Too Many CTAs
One may be the loneliest number, but it’s the only right answer when it comes to how many CTAs to have on a landing page. Don’t ask the user to either fill out a form or make a call. Pick one! If it’s a dedicated landing page, don’t ask visitors to follow your social media profiles in addition to whatever your final CTA is. Take away all the distractions and detours and focus on funneling visitors right to that ultimate call to action.
You may think the user is mostly going to pay attention to the images, headlines and interactive elements you have on the page, but success will largely be determined by the quality of writing. Therefore, don’t commit the following five infractions related to copywriting.
• Writing for Too Many Audiences
Your landing page can’t be all things to all people. Don’t bring up a lot of, “Well, if you’re like this … But if you’re this type of person …” scenarios. Focus on one kind of consumer that you think will be likely to deliver your desired outcome, and then tailor the page to that buyer persona.
• Vague Copy
Making an emotional appeal without providing substance is going to hurt your chances of earning conversions. Get into specifics, use data and answer all the most-pressing questions in the reader’s head about the product or service you’re promoting. Dancing around specifics will drop trust with your audience, and conversions will then be hard to come by.
• Jargon-Heavy Language
Don’t write to consumers the way you would talk to other professionals in your industry. Using too many business clichés, technical terms and too much industry-related jargon will leave users scratching their heads, if not quickly bouncing off the page. Remember who your ideal consumer is, and break your product or service down to a way they can understand it, without all the platitudes and esoteric language.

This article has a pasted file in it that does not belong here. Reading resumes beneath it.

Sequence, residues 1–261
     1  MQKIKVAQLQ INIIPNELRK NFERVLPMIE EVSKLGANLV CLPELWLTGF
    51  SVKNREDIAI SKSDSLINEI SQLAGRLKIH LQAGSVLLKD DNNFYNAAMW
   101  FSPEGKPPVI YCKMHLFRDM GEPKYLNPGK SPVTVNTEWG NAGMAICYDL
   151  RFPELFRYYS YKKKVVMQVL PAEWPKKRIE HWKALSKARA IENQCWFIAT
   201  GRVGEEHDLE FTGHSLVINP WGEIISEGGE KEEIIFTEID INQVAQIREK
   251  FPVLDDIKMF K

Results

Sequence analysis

• Important Info Obscured
Don’t bury the lead! Also, don’t bury important information in the middle of a large paragraph. Use call-out boxes, charts, graphic illustrations – whatever you need to make your most important info stand out. If it’s a stat or another piece of information that’s going to be vital to making a conversion, make sure it’s front and center.
A corollary to that technique is to break up long paragraphs and don’t write more than you need to. Many readers can tell when you’re rambling on, and most won’t stick with you from the beginning to the end of a long paragraph. Online users have become notorious for skimming the copy of a page. Writing for the web generally entails two- to four-sentence paragraphs, along with frequent usage of bullet points, images and headers.